Interestingly, the aging issue is more pronounced in East Asia than in the United States for several reasons. We have a higher fertility rate than in Japan and South Korea, and many other countries in Europe as well. We also historically are much more open to immigration than most other countries, and this has led to a certain vitality in the population mix that has slowed the impact of demographic change. That said, of course, there are issues with having a lot of baby boomers. Sometimes, depending on the specific question or the specific area of policy, you find other factors that are much more important than aging. For example, the growth of healthcare spending has been in the news a lot lately. Although obviously there is an impact from having more elderly people, there are much bigger issues, such as what we are spending per person per age group and the growth of that spending. Just aging per se is not as big of an issue as people might think.

In late January, you will be holding the workshop Comparative Policy Responses to Demographic Change in East Asia: Defining a Research Agenda. What are the major issues you will explore in the conference? Who will be involved? Finally, what is the publication or research project that you will launch from this?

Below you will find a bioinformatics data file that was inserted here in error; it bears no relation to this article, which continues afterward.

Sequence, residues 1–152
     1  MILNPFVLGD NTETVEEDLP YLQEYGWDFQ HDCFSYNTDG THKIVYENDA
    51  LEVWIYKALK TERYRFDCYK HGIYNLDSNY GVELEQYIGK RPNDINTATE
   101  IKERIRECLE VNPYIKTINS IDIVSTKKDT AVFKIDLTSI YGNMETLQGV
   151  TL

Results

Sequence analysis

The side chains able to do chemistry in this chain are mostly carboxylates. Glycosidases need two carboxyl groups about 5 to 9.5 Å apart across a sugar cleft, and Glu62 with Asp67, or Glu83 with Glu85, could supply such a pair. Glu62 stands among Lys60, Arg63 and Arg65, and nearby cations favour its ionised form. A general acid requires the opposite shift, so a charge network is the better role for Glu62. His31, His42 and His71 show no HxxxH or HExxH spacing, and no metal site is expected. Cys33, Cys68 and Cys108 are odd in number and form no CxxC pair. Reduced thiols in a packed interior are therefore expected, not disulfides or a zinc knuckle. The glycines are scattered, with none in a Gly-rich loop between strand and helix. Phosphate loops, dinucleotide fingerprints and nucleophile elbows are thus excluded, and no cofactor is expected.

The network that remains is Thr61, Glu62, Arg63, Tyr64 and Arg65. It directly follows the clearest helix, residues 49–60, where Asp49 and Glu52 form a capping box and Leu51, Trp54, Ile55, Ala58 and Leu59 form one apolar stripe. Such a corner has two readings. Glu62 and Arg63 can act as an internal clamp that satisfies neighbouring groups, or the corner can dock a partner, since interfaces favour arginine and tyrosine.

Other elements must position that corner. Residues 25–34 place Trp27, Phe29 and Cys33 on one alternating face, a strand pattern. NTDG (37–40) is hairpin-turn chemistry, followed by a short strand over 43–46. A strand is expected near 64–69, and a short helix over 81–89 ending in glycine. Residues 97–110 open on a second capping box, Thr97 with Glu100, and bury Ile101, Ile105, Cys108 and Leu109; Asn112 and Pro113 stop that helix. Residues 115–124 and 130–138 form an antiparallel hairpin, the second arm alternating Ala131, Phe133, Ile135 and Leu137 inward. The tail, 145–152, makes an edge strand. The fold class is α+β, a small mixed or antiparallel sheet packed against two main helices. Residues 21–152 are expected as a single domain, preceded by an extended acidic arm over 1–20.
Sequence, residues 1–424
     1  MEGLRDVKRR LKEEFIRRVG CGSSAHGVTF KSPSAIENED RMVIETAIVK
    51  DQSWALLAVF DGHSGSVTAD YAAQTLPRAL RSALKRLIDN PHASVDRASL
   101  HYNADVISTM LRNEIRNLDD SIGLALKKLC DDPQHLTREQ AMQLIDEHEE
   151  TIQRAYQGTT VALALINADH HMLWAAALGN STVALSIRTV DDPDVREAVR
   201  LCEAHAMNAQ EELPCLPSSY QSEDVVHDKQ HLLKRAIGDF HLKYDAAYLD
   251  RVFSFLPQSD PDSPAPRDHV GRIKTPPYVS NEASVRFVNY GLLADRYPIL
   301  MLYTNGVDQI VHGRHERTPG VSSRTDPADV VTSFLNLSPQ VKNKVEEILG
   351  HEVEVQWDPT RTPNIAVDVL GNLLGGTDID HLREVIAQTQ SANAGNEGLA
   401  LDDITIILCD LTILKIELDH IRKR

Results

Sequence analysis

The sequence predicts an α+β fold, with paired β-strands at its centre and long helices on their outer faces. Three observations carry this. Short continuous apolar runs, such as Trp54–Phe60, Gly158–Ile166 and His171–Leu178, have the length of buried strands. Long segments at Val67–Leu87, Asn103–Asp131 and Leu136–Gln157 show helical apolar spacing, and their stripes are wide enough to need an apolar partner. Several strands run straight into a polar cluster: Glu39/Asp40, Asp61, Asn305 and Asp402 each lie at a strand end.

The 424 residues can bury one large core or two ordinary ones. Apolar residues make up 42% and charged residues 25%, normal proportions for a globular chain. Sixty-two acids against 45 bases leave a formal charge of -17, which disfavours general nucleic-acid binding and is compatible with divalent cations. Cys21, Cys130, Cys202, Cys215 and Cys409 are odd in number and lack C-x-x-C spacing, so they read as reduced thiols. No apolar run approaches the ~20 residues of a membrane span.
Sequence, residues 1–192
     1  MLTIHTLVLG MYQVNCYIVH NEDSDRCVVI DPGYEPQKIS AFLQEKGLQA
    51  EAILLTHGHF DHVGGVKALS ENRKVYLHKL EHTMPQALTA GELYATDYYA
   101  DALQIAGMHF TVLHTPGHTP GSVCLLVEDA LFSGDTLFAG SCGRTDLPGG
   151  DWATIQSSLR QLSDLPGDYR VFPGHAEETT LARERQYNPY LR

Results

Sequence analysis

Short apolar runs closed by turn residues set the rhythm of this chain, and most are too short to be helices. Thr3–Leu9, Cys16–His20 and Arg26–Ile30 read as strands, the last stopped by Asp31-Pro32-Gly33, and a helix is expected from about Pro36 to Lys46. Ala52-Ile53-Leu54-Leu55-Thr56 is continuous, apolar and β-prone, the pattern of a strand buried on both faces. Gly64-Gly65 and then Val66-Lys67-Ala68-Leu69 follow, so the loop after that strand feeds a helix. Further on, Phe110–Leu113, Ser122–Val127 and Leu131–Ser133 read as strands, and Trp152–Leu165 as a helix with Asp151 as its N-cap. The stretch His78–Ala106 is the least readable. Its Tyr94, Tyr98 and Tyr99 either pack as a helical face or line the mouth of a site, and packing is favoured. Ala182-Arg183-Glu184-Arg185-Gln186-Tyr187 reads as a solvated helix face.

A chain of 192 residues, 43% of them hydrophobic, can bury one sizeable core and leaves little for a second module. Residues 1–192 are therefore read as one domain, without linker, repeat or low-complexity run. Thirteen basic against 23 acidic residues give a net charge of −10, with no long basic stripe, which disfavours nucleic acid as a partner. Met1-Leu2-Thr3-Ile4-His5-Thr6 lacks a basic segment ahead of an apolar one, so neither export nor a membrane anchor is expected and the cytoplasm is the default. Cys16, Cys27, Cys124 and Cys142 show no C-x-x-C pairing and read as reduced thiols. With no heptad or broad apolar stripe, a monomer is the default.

We had an Aging Asia conference in February 2009, co-sponsored with the Global Aging Program at the Stanford Center on Longevity. The outcome of this is the forthcoming volume, co-edited with Shripad Tuljapurkar of the Department of Biology at Stanford University. We started with a basic survey of the region and thought about the basic trends-demographic, social, and economic-and built upon that to figure out where the gaps are in the literature and where the interesting research questions are. That is where the January 2011 workshop comes in as the next step. We are bringing in some of the same and some different people to focus on three specific themes: economics, society, and politics/security. The upcoming event again focuses on East Asia and there will be a public component, but it is a smaller event and its main goal is to dig deeper into these themes to figure out an interesting research agenda on the policy responses to demographic transition.